Imagine the film and music industries that Lisbeth Scott started out in in the 1990s. Before instances of abuse and sexism were discussed openly, when everything might have just been swept under the rug. As a woman in music, it can be hard to speak up or respond to unprofessional actions. Lisbeth Scott has endured difficult challenges in music, in film, and in her personal life. Her outlook, though, focuses on positive. In this interview, Lisbeth shares her perspective on overcoming challenges related to being a woman in her industries and what can be done to enhance respect and understanding.
Did you face any challenges in the industry as a female artist or composer?
As in any industry, there are nice people and not so nice people. There are generous people and selfish people. I have had experiences that have run the gamut.
I made a decision. It was 2004, I think, and I had just come through an incredibly difficult time. I decided that I was going to be very discerning about who I worked with. I was going to work only with people who respected me and whom I respected, and I was going to make sure that the business understanding was always clear when we began work. Once I made that decision, my life really changed. People said to me, “You’re crazy, you’ll never get enough work.” Contrary to what many people had said, my most rewarding work happened after that decision.
Yes, I have had many negative experiences with people. Every negative experience you can imagine. I’ll give you a minute to imagine them. If you can imagine them, I’ve had them. Take a moment.
Do you think that anything has gotten better?
Oh, absolutely. The whole #metoo movement has increased awareness of what’s appropriate and what’s not. It’s really something that is turning the brains of humans on their sides. I feel for people. Everyone is trying, women and men, to figure out what’s okay and what’s not okay.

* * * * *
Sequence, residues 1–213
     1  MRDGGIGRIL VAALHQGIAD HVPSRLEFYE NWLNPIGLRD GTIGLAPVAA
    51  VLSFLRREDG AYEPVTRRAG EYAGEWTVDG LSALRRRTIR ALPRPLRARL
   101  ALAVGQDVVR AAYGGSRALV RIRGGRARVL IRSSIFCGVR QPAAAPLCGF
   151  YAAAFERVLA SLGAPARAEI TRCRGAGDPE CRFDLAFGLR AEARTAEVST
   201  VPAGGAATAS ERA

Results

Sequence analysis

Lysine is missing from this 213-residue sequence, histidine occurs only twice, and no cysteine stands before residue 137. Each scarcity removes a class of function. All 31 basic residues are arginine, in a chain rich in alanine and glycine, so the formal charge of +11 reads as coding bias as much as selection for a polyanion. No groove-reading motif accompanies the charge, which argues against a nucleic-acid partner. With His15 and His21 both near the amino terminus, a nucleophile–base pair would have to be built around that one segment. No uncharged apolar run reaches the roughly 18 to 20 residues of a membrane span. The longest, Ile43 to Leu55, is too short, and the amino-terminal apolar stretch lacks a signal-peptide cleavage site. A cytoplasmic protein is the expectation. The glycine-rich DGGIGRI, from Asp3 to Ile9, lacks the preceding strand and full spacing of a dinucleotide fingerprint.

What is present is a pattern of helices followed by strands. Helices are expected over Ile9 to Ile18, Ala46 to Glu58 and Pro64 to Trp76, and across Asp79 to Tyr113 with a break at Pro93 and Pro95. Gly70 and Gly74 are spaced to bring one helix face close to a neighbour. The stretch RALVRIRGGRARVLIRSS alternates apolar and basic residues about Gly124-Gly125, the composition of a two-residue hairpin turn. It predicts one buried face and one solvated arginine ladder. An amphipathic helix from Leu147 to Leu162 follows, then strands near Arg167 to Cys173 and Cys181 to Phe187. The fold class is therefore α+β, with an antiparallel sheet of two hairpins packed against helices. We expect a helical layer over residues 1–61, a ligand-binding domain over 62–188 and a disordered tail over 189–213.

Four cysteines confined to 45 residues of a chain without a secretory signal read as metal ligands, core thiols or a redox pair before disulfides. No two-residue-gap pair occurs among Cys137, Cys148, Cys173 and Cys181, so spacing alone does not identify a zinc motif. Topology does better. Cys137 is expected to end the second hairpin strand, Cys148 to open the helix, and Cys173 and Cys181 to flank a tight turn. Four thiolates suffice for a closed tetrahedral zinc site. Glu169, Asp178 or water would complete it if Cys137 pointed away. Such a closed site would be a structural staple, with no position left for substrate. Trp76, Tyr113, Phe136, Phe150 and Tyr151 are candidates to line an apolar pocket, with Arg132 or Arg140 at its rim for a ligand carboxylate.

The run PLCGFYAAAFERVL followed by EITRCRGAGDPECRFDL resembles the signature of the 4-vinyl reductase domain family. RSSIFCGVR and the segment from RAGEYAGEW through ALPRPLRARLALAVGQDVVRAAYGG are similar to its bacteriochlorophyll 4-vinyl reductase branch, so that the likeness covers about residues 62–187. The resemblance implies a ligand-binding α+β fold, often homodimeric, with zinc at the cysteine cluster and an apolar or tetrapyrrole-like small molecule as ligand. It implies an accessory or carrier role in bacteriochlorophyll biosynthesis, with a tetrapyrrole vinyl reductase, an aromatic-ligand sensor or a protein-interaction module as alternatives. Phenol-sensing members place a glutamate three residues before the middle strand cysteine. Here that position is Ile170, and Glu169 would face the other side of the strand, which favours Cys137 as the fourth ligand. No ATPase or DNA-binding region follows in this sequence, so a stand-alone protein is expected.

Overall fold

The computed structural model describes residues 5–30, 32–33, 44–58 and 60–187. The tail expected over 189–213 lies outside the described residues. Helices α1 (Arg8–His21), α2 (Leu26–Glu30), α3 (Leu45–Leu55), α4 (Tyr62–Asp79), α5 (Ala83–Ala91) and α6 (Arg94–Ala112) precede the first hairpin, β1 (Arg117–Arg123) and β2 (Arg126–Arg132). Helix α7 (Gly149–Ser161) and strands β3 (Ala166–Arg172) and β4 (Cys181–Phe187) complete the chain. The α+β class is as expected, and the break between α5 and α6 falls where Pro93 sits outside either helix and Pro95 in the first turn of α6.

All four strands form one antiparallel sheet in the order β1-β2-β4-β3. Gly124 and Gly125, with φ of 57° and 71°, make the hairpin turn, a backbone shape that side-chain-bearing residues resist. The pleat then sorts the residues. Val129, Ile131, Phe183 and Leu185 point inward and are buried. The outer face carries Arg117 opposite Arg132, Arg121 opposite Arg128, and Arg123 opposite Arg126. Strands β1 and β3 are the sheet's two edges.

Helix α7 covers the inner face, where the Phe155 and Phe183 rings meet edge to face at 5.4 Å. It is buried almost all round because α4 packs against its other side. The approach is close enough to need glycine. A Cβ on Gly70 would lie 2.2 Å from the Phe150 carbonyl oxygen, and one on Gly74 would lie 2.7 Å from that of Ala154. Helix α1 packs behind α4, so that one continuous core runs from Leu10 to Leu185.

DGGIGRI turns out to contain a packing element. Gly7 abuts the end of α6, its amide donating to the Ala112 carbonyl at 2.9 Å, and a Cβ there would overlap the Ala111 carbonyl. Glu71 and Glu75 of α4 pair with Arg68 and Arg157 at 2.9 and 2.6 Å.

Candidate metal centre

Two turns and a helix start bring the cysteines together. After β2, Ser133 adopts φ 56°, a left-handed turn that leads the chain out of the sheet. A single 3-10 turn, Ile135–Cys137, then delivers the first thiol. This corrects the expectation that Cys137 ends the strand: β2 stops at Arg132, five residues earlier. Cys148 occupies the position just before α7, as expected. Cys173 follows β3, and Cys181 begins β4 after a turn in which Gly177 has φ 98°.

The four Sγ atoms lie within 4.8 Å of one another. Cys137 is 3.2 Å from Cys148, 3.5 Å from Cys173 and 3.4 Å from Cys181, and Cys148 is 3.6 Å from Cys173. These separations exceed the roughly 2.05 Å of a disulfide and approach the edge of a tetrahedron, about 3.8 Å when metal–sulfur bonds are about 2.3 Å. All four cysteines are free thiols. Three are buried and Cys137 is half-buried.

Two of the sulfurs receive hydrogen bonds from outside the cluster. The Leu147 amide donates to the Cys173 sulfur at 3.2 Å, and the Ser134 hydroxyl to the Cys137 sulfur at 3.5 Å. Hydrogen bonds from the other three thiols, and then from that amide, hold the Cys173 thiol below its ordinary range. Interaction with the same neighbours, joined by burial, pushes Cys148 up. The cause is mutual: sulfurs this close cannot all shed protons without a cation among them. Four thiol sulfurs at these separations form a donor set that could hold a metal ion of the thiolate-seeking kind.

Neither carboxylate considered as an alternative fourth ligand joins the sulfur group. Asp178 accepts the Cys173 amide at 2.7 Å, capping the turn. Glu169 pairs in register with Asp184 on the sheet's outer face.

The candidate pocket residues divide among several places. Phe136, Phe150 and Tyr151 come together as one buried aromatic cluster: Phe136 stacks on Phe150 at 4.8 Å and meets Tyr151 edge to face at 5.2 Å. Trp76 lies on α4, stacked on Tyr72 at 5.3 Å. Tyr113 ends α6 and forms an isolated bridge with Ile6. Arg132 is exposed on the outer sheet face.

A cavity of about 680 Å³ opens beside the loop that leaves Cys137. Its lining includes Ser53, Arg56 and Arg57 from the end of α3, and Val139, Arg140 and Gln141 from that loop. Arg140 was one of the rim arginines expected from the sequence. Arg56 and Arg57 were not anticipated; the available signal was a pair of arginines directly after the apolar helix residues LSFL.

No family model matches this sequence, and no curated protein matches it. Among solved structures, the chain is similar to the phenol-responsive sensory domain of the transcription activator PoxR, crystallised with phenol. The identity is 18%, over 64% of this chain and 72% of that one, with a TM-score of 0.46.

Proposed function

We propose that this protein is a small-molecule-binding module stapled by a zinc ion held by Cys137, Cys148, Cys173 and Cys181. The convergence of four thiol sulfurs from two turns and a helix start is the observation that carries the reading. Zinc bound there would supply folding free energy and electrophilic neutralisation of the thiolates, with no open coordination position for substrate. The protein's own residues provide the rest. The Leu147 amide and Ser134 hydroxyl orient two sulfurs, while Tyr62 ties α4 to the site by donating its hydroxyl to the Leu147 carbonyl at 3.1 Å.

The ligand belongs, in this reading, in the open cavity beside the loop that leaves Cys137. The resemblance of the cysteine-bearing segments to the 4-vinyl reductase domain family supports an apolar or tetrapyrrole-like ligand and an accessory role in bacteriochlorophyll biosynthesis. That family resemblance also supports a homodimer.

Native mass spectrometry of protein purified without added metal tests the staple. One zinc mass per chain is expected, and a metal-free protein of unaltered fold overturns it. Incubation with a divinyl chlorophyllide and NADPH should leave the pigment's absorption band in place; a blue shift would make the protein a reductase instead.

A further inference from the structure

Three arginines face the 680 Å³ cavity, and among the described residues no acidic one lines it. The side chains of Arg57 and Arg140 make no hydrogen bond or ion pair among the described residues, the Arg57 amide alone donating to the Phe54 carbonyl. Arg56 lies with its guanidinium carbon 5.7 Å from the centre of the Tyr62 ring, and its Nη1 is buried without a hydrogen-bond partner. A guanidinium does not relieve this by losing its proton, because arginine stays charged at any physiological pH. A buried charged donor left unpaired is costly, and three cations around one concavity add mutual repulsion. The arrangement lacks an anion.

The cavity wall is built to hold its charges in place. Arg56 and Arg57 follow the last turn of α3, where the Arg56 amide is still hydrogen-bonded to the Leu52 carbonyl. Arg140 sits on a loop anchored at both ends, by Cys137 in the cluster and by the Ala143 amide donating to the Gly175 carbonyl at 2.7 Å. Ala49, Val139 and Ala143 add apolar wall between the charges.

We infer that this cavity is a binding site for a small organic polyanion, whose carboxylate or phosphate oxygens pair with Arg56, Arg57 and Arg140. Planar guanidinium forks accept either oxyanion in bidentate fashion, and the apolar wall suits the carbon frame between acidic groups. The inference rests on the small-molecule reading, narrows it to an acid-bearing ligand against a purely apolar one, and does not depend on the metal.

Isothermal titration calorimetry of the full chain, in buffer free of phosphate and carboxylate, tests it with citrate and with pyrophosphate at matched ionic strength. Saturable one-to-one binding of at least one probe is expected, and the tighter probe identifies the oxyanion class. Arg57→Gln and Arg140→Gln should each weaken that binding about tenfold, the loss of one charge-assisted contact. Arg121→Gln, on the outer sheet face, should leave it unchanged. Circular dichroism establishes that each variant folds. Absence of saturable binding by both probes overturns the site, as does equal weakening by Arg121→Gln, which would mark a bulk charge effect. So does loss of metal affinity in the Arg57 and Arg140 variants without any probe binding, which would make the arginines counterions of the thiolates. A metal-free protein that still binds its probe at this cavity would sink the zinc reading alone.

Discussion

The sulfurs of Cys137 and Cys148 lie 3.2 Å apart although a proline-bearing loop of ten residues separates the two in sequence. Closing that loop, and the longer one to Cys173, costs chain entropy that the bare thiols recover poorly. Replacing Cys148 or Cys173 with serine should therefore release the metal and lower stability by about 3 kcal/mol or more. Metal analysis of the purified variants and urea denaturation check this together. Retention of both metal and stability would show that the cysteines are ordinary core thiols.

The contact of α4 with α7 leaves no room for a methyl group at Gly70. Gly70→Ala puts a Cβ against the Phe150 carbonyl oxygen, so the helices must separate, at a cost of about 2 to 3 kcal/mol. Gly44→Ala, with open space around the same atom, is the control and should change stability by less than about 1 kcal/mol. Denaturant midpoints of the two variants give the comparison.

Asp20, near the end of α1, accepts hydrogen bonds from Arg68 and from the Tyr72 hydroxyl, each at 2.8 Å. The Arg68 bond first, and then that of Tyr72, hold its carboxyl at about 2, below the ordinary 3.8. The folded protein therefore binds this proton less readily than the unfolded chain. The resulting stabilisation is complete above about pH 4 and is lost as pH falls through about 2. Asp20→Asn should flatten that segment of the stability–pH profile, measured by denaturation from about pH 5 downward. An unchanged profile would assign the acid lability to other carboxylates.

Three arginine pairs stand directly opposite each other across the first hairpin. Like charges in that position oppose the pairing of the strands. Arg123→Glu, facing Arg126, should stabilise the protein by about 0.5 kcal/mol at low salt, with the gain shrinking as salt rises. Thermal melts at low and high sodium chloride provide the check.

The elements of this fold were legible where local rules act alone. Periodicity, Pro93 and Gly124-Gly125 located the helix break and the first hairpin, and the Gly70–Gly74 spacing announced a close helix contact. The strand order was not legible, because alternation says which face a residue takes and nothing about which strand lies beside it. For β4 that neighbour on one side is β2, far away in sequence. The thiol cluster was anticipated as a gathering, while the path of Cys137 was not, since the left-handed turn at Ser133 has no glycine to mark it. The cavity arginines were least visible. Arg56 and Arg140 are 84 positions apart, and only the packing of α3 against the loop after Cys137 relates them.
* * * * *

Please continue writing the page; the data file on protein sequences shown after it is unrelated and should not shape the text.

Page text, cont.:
Women can now ask themselves what is okay and what’s not. It’s different, what we have now. We have permission now to speak the truth about how we feel.
I recently had an opportunity to tell someone how I truly felt about a past experience. This was not anyone in the industry. Years ago a man had very badly abused me. I had an opportunity to say, “This is what you did, this is how I felt, and I want an apology and for you to take responsibility for what you did.”
I never would have done that if it hadn’t been for the permission we as women are being given by the brave souls coming forth and telling the truth. It’s an incredibly freeing feeling to be able to say, “Yeah, that’s not okay, actually. So don’t do it.” Especially, since I grew up as a very shy person. To say what I wanted to eat was a challenge, let alone anything else on the spectrum.
The world is really changing in a wonderful way.
You’ve done a lot of collaborative work with male composers and with mixed groups. As a woman in music, how do you make space for yourself and your own opinions and make sure that you’re also heard?
I do collaborate a lot and have had mostly incredible experiences. If something doesn’t feel right, I ask to speak privately with the person when the work day is done and say, “I’m not comfortable with X and Y, here’s why, and here’s what I would like to happen.” It works most every time.